Perinatal mental health for dads
Monitoring the wellbeing and mental health of new parents should include both new mums and new dads. Both are at risk of stress, depression and anxiety during pregnancy and after having a baby. Screening and support services ideally include dads as well – talking to your GP or calling the free PANDA National Helpline are good first steps to learning more as having a baby can be tough for dad’s mental health too.
At least 1 in 10 new dads will be diagnosed with postnatal depression, separately from their partner’s health.  And that’s just the ones we know about – it is believed there are many more who are not currently identified meaning they can be suffering in silence.  Dads – please understand that postnatal depression is not just a mums’ illness and it’s not ‘just because of their hormones’. New mums also need information about their mental health during the perinatal period so they can be aware if they are not doing well, as early as possible and can look to seek help. The PANDA website can be a great first step for information and real life stories from new mums.
Where a new mum has postnatal depression the new dad becomes her carer. Dads are usually the first to notice something is changing in their partner so its great if you are aware of perinatal anxiety and depression so you can step in if you feel you need to. Of the 70,000 Australian mums who are diagnosed with antenatal and postnatal depression their partners are no doubt bearing a load in the family, at home as well as at work. For some men this change can be incredibly hard and dad may need some assistance whilst learning how to be a mental health carer.

Dad’s self care
Dad’s are an important part of the family yet it is often noted that men don’t always take care of themselves. Reportedly there is a low prevalence of men seeking treatment from GPs and other health professionals and men are also less likely to have strong social networks that provide them with support for their physical and mental health problems.Together this can lead to men being at higher risk with Mental health problems often being masked by other health risk behaviours that tend to occur more frequently amongst men, including alcohol and drug abuse, anger and aggression, speeding on roads and drink driving. 
Now that you are a father, your wellbeing is closely tied to your new baby and your family. ‘How is Dad Going?’ has been developed to encourage you to look after yourself – so that you are OK. For some this might mean re-thinking your idea of what it means to be a man, as looking after yourself is important to us all.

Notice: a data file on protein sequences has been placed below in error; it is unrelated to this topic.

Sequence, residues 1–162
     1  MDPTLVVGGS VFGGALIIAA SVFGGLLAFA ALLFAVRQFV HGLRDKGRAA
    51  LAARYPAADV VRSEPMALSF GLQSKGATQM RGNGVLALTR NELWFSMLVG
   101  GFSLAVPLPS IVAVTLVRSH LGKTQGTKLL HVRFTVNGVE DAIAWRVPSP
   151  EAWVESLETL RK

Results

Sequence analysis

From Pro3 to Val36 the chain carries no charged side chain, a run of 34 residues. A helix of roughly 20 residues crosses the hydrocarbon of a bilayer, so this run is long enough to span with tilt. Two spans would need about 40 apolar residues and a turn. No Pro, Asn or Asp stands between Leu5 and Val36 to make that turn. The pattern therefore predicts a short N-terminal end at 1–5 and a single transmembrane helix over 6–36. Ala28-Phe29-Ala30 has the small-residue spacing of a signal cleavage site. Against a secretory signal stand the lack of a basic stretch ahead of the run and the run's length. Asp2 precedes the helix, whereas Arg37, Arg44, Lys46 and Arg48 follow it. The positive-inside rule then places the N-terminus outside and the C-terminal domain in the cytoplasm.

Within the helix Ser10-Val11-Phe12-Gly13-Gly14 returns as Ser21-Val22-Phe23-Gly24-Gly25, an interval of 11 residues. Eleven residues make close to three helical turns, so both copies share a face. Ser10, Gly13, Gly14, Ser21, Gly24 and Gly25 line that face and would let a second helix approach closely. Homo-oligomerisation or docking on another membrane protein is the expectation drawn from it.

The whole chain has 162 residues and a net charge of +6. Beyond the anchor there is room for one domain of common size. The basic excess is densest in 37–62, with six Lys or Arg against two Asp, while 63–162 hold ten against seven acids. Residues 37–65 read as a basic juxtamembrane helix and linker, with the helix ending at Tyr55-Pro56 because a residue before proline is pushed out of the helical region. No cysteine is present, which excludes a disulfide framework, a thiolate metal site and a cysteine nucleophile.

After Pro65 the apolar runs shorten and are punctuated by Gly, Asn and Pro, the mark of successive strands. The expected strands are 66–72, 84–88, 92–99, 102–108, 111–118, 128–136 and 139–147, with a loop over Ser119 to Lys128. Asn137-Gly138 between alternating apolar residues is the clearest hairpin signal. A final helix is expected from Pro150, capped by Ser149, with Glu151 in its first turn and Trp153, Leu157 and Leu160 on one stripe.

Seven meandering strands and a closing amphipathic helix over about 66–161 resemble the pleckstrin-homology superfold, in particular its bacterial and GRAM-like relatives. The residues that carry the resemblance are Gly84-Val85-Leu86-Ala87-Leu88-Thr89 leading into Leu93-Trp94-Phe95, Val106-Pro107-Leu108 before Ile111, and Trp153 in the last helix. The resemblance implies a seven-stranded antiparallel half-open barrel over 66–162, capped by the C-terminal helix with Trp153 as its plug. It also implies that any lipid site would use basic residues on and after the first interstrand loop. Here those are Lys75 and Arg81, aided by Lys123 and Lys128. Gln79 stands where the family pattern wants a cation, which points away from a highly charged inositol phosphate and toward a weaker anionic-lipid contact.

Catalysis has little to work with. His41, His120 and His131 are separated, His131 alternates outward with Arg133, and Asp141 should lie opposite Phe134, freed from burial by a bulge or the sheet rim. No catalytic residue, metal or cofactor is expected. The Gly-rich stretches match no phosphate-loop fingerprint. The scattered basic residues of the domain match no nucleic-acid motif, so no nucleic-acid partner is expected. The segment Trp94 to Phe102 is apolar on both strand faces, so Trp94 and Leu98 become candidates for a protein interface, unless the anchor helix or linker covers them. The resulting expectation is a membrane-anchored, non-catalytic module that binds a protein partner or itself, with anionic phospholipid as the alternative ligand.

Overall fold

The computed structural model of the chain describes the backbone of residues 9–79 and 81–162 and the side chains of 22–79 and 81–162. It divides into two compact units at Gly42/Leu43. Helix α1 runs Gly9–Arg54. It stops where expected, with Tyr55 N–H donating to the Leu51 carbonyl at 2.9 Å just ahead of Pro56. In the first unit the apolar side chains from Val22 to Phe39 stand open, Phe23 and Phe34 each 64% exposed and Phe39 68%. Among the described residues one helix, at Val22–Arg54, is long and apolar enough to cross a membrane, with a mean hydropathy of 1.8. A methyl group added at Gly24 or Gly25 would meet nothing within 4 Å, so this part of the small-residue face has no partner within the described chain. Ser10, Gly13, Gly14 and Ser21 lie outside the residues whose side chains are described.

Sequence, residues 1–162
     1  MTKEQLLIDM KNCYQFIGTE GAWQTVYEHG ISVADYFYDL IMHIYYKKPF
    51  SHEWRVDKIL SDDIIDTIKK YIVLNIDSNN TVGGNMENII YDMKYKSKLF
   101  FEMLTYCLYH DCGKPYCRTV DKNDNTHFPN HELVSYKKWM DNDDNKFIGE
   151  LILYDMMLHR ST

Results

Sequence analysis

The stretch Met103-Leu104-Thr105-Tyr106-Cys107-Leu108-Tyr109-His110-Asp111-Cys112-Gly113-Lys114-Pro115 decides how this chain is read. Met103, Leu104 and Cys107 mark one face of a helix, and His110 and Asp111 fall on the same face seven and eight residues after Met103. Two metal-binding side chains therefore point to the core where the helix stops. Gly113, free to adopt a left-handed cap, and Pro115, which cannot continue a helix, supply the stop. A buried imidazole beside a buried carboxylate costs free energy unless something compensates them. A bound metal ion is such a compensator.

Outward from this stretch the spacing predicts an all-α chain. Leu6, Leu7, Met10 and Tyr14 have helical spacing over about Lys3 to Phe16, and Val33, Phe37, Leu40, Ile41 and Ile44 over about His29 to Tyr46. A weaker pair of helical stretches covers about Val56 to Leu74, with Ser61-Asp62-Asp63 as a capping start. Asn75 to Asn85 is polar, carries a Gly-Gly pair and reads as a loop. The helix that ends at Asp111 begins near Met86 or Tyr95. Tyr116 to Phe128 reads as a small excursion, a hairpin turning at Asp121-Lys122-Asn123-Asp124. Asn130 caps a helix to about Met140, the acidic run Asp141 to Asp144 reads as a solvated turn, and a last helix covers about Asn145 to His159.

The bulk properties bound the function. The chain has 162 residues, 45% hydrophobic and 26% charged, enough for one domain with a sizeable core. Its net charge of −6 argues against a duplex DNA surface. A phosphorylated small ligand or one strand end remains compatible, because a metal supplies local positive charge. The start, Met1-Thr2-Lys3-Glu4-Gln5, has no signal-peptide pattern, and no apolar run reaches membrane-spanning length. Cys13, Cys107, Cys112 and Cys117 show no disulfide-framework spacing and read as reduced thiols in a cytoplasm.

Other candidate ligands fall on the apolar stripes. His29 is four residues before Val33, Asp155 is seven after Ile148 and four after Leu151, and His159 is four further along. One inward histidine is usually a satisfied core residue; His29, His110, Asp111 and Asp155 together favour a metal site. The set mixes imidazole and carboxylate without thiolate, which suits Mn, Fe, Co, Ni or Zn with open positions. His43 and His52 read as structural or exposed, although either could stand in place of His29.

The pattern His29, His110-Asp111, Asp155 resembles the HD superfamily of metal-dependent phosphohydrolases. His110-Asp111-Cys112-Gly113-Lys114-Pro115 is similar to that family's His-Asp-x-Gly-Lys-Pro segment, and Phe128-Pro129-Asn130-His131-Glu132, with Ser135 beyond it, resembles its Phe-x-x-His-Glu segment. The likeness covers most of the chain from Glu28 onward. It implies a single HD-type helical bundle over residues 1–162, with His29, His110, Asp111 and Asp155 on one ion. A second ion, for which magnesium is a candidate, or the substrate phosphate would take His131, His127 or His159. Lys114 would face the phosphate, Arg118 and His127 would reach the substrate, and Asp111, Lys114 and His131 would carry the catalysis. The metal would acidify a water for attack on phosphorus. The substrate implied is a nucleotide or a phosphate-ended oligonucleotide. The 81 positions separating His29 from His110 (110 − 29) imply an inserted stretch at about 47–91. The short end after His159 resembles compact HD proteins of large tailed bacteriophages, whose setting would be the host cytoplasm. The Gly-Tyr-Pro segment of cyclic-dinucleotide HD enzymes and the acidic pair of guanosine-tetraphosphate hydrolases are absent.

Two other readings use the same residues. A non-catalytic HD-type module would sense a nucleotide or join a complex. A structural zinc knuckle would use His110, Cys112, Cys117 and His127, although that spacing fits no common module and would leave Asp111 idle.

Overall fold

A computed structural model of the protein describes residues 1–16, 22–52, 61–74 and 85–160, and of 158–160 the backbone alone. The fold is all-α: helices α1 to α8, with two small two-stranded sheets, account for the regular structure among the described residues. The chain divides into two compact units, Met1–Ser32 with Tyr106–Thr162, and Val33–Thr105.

The first year of being a parent can be have a steep learning curve and sometimes you’ll have really stressful moments and tough days. Over time you will probably forget the bad times and remember the really special moments, however if you don’t look after yourself, the stress will continue to build up.
So for your wellbeing, your baby and your partner, have a try of these self-care tips:
Unload whatever is on your mind with someone non-judgemental, who you trust.  It’s ok to want to talk about your thoughts and feelings. Debriefing can help realign perspective as to what’s important and any next steps you may want to think about taking
Rest – catch-up sleep
The experts tell us you need sleep as much as you need to breathe and eat, making sleep very important, and a new baby can disrupt even the best sleepers routine! When you’re deprived of sleep your brain can’t function properly which can affect your cognitive abilities and your emotional state. If you and/or your partner are sleep deprived, try and take turns to rest and sleep. Don’t put off going to bed – rest when you can, sleep when baby sleeps, and prioritise your rest.
R&R is different for everyone. It may be fishing, football, exercise, reading the paper or playing your favourite music and before baby you probably had time to unwind in different ways. For now, you may need to organise, negotiate and prioritise this important part of your life. Equally, your partner will also need to be encouraged to have some time for R&R.